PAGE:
So this act can only be said to have been in vaudeville in the broadest, broadest possible use of the term. Perhaps as they might use it in some place like Paris or Moscow, to mean something equivalent to “varities”. In fact, it even sounded too dirty for 1890s burlesque to me. My guess would have been saloon variety, as it might be seen at Koster and Bial’s or on the Bowery or someplace, or your local wild west saloon. But then I went to my go-to reference for early burlesque, the must-own Horrible Prettiness: Burlesque and American Culture, by Robert C. Allen. There, he mentions a strip act by Lona Barrison in burlesque, being reported on in the Police Gazette in 1896, in which she disrobed completely, which back then meant down to her underwear. And really that’s all you gotta know, friends. The Barrison Sisters were not vaudeville but burlesque, friends, and were even getting busted there. 

To learn more about vaudevilleconsult No Applause, Just Throw Money: The Book That Made Vaudeville Famous, available at Amazon, Barnes and Noble, and wherever nutty books are sold.


Happy Birthday, Tempest Storm!

Posted in Art Models/ Bathing Beauties/ Beauty Queens/ Burlesque Dancers/ Chorines/ Pin-Ups/ Sexpots/ Vamps, Burlesk, Women with tags , , , on February 29, 2016 by travsd
This is the tamest picture of her I could find. Believe me -- I looked and looked and looked

This is the tamest picture of her I could find. Believe me — I looked and looked and looked. Oh, how I looked!

Today is the birthday of burlesque legend Tempest Storm (Annie Banks, b. 1928). We’ve waited so long to do a post on her because her proper birthday doesn’t roll around too often — she’s a leap year baby. And when I say baby, I mean baby!!

Originally from rural Georgia, already a twice divorced child-bride at 20, she decided to put her 44DD-25-35 measurements and fiery red hair to good use by becoming a burlesque performer. She debuted as Tempest Storm at the El Rey Club in Oakland, California around 1950 and went on to become one of the most famous of all burlesque dancers, through her nightclub appearances, pin-ups, movies, celebrity hook-ups (she was married to singer Herb Jeffries and had affairs with Elvis and JFK), and national press in places like Life Magazine.

She danced professionally until she was 67 years old, and still comes out to perform on occasion. You can see her in Leslie Zemeckis’s excellent film Behind the Burly Q. She’s the last of the living legends!


Stars of Vaudeville #939: Harry Jolson

Posted in Jews/ Show Biz, Singers, Vaudeville etc. with tags , , , , , , , , , on January 12, 2016 by travsd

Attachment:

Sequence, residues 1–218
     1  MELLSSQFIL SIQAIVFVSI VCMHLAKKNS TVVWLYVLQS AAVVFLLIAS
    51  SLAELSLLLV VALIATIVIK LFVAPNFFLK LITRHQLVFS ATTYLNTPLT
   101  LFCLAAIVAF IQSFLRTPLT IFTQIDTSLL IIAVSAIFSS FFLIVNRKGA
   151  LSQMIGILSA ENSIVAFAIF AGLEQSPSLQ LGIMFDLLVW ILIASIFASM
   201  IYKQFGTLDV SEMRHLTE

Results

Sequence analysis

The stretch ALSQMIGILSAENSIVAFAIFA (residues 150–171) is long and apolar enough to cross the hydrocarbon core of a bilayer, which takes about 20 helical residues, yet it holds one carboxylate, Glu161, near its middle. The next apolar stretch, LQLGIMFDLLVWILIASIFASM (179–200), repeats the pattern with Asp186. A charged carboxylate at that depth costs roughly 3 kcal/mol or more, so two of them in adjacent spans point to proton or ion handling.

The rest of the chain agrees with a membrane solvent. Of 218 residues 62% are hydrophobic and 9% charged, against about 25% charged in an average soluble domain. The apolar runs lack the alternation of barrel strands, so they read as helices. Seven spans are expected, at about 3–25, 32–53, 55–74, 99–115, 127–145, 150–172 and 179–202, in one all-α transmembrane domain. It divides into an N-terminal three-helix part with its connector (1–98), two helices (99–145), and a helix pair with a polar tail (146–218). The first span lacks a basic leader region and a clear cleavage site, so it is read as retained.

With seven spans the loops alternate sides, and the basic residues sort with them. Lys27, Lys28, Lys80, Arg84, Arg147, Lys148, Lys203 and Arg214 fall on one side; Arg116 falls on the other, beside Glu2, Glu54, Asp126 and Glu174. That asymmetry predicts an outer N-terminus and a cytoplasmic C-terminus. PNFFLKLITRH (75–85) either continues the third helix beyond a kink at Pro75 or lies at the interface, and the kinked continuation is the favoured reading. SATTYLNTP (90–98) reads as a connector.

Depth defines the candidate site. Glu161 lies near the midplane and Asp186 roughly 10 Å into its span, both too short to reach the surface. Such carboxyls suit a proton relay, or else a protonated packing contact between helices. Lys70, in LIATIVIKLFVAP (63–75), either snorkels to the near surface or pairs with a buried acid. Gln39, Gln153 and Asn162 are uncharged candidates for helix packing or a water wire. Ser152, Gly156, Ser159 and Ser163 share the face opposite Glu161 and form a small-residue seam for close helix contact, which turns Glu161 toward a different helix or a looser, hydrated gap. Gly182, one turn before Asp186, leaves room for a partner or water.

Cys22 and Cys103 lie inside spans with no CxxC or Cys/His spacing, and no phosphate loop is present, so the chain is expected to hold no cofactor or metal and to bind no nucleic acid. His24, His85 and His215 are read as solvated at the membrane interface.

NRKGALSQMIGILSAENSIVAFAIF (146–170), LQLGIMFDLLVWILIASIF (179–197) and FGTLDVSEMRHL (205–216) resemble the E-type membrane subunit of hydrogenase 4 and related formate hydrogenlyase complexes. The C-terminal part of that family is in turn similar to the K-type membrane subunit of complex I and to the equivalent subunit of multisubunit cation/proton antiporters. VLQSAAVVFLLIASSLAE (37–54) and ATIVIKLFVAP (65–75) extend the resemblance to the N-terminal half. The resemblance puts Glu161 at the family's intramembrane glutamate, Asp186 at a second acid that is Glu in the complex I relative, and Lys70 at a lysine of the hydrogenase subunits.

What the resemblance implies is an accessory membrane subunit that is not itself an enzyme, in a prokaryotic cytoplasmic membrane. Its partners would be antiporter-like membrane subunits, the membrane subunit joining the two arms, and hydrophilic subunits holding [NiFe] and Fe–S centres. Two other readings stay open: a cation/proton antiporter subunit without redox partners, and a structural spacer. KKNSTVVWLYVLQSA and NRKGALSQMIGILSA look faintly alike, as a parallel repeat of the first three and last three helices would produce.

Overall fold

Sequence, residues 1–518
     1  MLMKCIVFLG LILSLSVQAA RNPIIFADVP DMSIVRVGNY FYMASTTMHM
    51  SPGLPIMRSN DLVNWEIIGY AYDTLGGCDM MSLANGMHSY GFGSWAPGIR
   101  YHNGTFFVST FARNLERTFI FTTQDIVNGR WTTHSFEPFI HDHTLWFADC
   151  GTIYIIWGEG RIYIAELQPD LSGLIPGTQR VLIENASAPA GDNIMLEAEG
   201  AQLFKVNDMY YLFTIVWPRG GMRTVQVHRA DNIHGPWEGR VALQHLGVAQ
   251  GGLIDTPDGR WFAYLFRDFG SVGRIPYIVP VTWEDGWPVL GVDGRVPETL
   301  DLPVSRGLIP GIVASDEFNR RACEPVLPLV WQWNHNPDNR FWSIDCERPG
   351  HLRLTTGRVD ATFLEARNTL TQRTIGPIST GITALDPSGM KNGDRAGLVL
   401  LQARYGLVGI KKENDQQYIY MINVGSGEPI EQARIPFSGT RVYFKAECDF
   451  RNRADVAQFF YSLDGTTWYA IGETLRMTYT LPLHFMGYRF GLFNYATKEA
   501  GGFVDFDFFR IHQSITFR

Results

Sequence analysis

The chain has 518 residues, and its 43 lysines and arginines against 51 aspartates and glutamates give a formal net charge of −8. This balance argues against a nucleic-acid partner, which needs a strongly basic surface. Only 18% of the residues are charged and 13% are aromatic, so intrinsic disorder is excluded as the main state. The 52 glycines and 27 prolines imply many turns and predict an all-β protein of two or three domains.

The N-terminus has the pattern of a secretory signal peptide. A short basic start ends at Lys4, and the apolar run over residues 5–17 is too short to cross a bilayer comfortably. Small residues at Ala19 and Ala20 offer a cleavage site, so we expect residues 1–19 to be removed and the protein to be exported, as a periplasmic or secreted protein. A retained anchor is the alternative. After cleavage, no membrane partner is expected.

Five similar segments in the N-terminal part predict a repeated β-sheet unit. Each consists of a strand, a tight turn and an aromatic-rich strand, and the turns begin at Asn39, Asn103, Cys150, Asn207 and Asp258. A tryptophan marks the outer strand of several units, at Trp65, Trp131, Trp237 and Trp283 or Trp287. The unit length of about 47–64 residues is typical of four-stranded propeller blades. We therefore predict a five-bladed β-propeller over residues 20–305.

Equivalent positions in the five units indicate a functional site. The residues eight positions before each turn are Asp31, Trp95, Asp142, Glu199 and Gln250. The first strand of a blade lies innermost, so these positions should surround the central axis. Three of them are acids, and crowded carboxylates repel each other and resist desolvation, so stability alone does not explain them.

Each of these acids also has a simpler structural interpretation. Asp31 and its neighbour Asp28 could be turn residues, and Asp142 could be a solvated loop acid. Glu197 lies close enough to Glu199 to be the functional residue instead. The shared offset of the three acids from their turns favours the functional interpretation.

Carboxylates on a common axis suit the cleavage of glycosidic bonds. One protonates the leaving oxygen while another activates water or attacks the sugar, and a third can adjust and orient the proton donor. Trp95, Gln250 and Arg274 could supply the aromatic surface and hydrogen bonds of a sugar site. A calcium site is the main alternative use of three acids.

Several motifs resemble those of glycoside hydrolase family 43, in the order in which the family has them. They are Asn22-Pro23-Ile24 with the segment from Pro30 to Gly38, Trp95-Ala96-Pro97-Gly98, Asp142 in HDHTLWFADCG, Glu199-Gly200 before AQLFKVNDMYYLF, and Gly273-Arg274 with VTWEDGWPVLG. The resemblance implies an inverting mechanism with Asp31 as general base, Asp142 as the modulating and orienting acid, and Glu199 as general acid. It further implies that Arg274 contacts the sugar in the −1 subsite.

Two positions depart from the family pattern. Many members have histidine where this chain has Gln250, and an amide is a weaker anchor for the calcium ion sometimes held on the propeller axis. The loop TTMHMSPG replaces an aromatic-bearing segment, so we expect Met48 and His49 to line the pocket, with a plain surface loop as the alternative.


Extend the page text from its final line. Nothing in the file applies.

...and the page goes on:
Today is the birthday of Harry Jolson (Hirsch Yoelson, 1882-1953). Born in Lithuania, the son of a cantor who would settle the family in Washington DC, Harry was the older brother of singer Al Jolson — who would go on to much greater fame in show business. But being older, it was Harry who ran away and went into vaudeville first.

Around the turn of the 20th century Al joined Harry in New York, where he was already beginning to take his first baby steps in show business. Harry and Al  teamed up in burlesque as “The Joelson Bros.” in an act called “The Hebrew and the Cadet.” Al’s voice was still changing and this is the point of his career where he whistled rather than sang (whistling would always be one of his distinctive trademarks). In 1901 the boys teamed team up with one Joe Palmer as  Jolson, Palmer and Jolson in a sketch called “A Little Bit of Everything”. Palmer was a former headliner who had written the lyrics to “In the Good Old Summertime”. He now had multiple sclerosis and was in a wheelchair. They boys dropped the “e” from their name because it wouldn’t fit on the business cards. Harry played a doctor, Al, a bellhop, and Palmer…the guy in the wheelchair. Al started using blackface at this time, and found that it liberated him so that he could really cut loose as a performer. The act was very successful. In 1905, they were contracted to play Tony Pastor’s but the act split up before the engagement started. Part of the boys’ obligation in the act was to clean, dress and otherwise babysit the infirm Palmer in their offstage moments. The boys had a falling out over who would take care of Palmer on a certain night. They never quite fully made up after this spat.